By the time we arrived at the hotel where our prom was being held, I already wanted out of the night as bad as I wanted out of the suffocating dress. And pearl earrings. And high heels—another thing my feet knew nothing of back then. My girl friends could see how Matt’s indifference toward me was deflating my heart and self-respect into a shriveled prune, and they were surprisingly supportive for such normally immature ages. But no girl could offer me what I could only receive from a boy that night: the gift of being chosen, whether romantically or not. I have only shadowy memories of standing around the outskirts of the dance floor that night, though I think good ole Matt and I “danced” once out of sheer obligation. And, again, the whole thing is rather faint, but I’m pretty sure he asked Nina to dance near the end of the night—the final blow to an excruciating evening.

The next afternoon I tried to salvage with my family some positive vestiges of my humiliating experience, rehashing the night in our window-lit family room with spring dashing through the panes. Everyone wanted to know the decadent morsels of the evening, and I think I felt some sort of self-imposed expectation to relay them as somewhat successful and enjoyable. Though I do remember being fairly honest about Matt (as in I’d never go to another prom with him if it were being held in the Eiffel Tower overlooking the Seine), I didn’t have the matured wisdom and perceptions I now have to discern everything I was feeling. But if I could distill my emotions into one concise concept, they could be summed up by the heartbreak of not being chosen.

Thankfully, Matt’s rejection or just plain disinterest was not the only defining moment in my life, though it inflicted a healthy dose of pain. I had many more experiences that left me feeling similarly unchosen, woven with just as many when I felt picked and treasured. As far as we experience the depth of ache when we’re not chosen, we experience the pure elation of joy when we are. And I’m glad I’ve experienced that wonderful feeling of being specifically desired and esteemed by different people, men and women alike, who I immensely respect and value. These are gifts.

God understands our innate need to be chosen, presumably because He made us this way. He knows we long for someone to see us, to uniquely value our personalities and giftings, the way we toss our hair, or the inflections of our voices. (Perhaps nothing speaks to this more than God’s institution of marriage, through the beauty of one man choosing one woman from the entire planet, and vice versa. How God knows about our need to be chosen and so generously planned for it.) This must be why God speaks over and over again throughout the pages of Scripture of the ways He has specifically chosen us:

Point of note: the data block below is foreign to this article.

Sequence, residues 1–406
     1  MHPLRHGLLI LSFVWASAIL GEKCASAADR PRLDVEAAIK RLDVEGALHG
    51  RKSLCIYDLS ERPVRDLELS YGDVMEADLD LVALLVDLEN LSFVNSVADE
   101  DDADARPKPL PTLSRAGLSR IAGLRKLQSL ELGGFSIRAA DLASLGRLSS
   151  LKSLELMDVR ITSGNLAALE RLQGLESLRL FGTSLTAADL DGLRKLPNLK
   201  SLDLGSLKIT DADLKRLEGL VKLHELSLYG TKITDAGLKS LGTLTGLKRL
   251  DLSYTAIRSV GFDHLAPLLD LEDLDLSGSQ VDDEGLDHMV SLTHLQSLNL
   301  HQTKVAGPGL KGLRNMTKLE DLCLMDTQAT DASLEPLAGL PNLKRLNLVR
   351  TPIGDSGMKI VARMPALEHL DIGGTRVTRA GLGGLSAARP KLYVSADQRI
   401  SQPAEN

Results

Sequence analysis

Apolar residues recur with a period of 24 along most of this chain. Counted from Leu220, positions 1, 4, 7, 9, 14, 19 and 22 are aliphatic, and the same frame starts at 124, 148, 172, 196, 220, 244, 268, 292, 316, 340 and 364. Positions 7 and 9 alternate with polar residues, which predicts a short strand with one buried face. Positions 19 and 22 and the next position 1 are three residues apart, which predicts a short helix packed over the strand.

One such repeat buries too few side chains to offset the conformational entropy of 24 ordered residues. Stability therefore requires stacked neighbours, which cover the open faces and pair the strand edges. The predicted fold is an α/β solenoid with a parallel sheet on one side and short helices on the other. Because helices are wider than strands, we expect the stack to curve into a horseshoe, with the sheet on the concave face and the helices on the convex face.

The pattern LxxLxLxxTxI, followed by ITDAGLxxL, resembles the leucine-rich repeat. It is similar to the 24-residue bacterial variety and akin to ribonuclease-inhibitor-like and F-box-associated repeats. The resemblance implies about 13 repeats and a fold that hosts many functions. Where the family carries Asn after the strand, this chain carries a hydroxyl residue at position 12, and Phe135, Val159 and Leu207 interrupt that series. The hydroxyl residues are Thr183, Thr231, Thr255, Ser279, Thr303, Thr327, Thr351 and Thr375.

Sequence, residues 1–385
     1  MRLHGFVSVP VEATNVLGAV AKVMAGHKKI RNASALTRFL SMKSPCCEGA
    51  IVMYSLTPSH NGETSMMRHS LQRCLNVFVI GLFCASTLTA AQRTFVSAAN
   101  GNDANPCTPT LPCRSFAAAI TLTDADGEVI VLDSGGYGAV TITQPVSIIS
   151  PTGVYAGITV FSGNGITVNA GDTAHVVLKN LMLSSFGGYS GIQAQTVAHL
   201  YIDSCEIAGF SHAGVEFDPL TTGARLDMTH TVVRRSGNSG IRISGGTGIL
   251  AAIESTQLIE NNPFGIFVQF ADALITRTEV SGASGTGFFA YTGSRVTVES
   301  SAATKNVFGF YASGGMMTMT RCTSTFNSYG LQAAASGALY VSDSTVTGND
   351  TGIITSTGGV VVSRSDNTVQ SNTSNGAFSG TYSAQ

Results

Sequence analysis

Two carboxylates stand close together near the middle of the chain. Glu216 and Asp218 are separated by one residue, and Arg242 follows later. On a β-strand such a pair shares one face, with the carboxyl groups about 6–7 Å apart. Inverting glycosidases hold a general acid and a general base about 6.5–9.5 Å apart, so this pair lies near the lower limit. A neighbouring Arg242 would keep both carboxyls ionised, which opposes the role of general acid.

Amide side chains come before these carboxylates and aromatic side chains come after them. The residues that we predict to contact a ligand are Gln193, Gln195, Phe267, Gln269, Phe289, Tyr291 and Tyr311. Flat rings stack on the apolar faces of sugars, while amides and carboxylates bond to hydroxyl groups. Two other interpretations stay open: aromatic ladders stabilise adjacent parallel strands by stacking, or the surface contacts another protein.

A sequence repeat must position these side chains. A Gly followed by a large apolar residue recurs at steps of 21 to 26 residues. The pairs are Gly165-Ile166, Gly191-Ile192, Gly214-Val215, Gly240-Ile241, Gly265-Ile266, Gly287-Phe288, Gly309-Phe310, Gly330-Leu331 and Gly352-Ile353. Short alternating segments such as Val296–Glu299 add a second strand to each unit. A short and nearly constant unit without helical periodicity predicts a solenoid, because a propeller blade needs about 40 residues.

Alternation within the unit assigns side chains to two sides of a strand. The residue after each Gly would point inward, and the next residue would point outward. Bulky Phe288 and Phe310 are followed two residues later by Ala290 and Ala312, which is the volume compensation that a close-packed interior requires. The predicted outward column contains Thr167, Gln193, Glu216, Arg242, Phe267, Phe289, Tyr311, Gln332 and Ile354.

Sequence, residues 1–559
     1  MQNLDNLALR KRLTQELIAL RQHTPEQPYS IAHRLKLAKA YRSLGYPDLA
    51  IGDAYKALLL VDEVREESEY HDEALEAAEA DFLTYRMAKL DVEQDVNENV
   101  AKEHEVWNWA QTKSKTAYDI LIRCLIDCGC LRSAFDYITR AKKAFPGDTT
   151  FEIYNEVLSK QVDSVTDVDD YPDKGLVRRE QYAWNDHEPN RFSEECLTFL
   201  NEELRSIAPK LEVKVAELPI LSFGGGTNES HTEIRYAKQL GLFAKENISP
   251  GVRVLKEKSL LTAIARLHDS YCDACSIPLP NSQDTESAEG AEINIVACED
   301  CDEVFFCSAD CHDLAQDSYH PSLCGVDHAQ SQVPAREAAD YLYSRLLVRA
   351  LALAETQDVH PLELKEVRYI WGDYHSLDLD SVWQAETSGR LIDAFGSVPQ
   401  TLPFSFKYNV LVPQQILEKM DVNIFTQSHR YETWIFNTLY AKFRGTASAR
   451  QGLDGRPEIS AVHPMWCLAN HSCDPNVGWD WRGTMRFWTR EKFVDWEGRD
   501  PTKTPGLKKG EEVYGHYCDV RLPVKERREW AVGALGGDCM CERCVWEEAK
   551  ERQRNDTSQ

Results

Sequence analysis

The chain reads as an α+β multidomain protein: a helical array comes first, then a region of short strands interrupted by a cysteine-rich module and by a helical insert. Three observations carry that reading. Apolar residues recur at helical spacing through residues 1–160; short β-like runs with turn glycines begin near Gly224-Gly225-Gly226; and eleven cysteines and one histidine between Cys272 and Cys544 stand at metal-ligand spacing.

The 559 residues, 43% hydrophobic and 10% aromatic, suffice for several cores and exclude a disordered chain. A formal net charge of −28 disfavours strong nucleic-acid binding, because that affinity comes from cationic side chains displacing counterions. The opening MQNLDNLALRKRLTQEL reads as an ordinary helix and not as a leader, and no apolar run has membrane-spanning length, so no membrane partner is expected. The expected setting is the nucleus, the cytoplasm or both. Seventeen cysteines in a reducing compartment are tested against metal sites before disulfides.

For you are a people holy to the LORD your God. The LORD your God has chosen you out of all the peoples on the face of the earth to be his people, his treasured possession. (Deut. 7:6)

You did not choose me, but I chose you and appointed you to go and bear fruit—fruit that will last. (John 15:16)

In him we were also chosen, having been predestined according to the plan of him who works out everything in conformity with the purpose of his will. (Eph. 1:11)

But we ought always to thank God for you, brothers loved by the Lord, because from the beginning God chose you to be saved through the sanctifying work of the Spirit and through belief in the truth. (2 Thess. 2:13)

[We] who have been chosen according to the foreknowledge of God the Father, through the sanctifying work of the Spirit, for obedience to Jesus Christ and sprinkling by his blood: Grace and peace be yours in abundance. (1 Peter 1:2)

But you are a chosen people, a royal priesthood, a holy nation, a people belonging to God, that you may declare the praises of him who called you out of darkness into his wonderful light. (1 Peter 2:9)

If I’m honest, the idea of being chosen by God doesn’t always seem as meaningful or monumental to me as I’d like, for several reasons: He’s God, so isn’t loving and choosing people part of His job? (Like a mother thinking her children are the most talented and stunning people in the world—she’s supposed to feel this way.) And even though He has chosen me, He has also chosen countless others since Adam. I’m not sure if being just one fleck of sand on the beach of chosenness makes me feel all that special and valued. Plus, I’m so accustomed to the idea of being chosen by people, flesh-and-blood humans, that I can find it difficult to palpably relish God’s choosing of me, partly because I can’t visibly see Him, audibly hear Him, or physically touch Him.

Yet when I am able to even slightly grasp God’s choosing of me, my sentiments gravitate much more closely to David’s when He exclaimed,

When I consider your heavens,

the work of your fingers,

the moon and the stars, which you have set in place,

what is man that you are mindful of him,

the son of man that you care for him? (Ps. 8:3–4)

It is only when my view of God is distinctly human and small that I think,Well, God is supposed to choose me, right?But when I understand even a fraction of His magnificence and greatness, I have the utter opposite response—one of disbelief and gratitude that the God who governs every atom of the universe has acquainted Himself with my unique being, lovingly and individually picking me with His mighty hands, holding me with the tenderness and awe of a child cupping his first sand dollar.